Racism, Slavery, and Systemic Oppression Theme Icon
Family and Progress Theme Icon
Ness is picking cotton in the heat of the southern summer sun. She has been at... (full context)
Racism, Slavery, and Systemic Oppression Theme Icon
...relatively kind master, giving his slaves breaks and water. On this day, in late June, Ness waits in line for water beside another slave named TimTam. TimTam asks her how her... (full context)
Heritage and Identity Theme Icon
Racism, Slavery, and Systemic Oppression Theme Icon
Ness thinks to herself that it’s still odd to hear black people speak English. When they... (full context)
Heritage and Identity Theme Icon
Racism, Slavery, and Systemic Oppression Theme Icon
TimTam asks Ness where she comes from, but Ness doesn’t respond. She instead gets her glass of water... (full context)
Heritage and Identity Theme Icon
Racism, Slavery, and Systemic Oppression Theme Icon
Family and Progress Theme Icon
Ness feels she doesn’t owe her fellow slaves anything. Once a woman had told her not... (full context)
Racism, Slavery, and Systemic Oppression Theme Icon
...change into the outfit for the house slaves, but when Tom and his wife saw Ness in the outfit, they were shocked to see that she had intricate scars all over... (full context)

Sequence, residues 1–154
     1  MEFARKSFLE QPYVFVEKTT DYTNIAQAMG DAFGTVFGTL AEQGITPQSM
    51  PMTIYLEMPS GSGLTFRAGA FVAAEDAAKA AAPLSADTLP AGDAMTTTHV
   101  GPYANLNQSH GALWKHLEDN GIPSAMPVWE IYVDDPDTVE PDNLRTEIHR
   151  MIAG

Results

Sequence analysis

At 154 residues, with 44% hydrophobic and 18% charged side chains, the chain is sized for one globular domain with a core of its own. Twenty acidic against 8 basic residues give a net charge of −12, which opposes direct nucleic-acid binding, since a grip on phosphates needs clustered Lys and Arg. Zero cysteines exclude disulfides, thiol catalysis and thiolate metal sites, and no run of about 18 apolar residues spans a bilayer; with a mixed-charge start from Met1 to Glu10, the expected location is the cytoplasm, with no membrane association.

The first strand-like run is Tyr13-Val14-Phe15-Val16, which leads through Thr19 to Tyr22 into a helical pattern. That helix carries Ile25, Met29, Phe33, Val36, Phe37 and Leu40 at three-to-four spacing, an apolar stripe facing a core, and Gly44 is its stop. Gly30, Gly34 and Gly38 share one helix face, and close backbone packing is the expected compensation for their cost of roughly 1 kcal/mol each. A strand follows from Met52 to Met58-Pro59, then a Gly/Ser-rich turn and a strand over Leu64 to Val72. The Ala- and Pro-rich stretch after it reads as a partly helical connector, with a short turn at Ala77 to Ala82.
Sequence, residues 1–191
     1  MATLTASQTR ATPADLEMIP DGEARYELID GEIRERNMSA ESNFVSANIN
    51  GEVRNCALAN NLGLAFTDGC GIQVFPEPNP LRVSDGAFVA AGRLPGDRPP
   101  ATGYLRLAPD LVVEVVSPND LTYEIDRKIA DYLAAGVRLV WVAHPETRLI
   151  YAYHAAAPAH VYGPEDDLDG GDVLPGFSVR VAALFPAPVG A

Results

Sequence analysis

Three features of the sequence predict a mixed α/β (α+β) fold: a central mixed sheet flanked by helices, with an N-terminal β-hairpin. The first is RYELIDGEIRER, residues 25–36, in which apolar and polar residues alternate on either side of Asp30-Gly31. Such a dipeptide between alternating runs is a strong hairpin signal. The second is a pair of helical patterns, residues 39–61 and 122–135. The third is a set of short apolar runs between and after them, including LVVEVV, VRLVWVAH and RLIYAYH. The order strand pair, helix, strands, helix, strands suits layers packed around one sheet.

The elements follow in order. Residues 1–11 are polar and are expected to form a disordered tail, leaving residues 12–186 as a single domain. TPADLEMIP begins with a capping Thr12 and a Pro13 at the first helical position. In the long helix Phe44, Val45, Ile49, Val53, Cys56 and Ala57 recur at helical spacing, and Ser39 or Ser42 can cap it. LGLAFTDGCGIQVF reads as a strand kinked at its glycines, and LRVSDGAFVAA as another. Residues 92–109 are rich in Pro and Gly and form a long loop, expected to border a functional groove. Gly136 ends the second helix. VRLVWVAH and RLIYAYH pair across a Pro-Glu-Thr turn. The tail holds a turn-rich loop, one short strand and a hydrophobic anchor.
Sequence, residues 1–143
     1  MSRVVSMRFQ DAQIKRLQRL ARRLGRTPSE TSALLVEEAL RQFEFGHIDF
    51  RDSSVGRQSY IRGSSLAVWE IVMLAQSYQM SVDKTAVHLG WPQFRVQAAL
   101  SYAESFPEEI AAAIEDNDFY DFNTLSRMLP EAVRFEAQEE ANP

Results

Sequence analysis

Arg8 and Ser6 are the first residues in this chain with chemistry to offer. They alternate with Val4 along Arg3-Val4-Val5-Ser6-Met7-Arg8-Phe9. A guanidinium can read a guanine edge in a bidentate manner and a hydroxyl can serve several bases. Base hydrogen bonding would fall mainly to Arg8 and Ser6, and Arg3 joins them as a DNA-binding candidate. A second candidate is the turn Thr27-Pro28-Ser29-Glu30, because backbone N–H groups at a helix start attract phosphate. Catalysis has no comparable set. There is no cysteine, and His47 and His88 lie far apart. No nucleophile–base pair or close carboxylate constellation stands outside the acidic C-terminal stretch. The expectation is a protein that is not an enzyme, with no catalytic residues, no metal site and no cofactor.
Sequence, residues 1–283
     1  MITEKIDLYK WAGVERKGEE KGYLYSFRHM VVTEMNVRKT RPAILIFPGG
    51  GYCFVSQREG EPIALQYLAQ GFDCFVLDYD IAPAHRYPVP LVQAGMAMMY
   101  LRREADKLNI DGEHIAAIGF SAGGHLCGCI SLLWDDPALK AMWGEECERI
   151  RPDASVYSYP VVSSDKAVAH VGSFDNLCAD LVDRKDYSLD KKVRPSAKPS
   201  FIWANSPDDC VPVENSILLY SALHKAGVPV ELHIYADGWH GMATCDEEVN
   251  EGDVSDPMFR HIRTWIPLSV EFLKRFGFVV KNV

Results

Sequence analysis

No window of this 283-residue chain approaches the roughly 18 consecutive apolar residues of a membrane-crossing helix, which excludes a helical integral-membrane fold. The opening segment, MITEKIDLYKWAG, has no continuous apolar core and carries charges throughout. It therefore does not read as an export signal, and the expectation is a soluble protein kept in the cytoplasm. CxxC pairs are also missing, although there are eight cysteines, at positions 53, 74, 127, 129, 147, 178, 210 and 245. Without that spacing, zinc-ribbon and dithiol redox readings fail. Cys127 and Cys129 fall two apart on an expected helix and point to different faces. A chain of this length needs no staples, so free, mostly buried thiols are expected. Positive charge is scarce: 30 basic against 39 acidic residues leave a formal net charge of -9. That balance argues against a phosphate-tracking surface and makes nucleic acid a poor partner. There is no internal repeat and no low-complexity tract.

Heritage and Identity Theme Icon
Racism, Slavery, and Systemic Oppression Theme Icon
Gender Stereotypes, Sexism, and Violence Theme Icon
Thus, Ness had gone to work in the field. It’s not new to her. She had previously... (full context)
Racism, Slavery, and Systemic Oppression Theme Icon
...she has what her mother had. The women tell him to go fetch a doctor. Ness looks at Pinky, and sees that she only has the hiccups. She says there’s nothing... (full context)
Heritage and Identity Theme Icon
Family and Progress Theme Icon
TimTam pulls Ness aside, revealing that they were only trying to scare Pinky because she hadn’t spoken since... (full context)
Heritage and Identity Theme Icon
Racism, Slavery, and Systemic Oppression Theme Icon
From that day, Pinky is inseparable from Ness. She moves into the women’s cabin and spends the whole day with Ness. Still, she... (full context)
Racism, Slavery, and Systemic Oppression Theme Icon
One day, Ness watches as the two Stockham children run into Pinky on the porch, knocking over one... (full context)
Racism, Slavery, and Systemic Oppression Theme Icon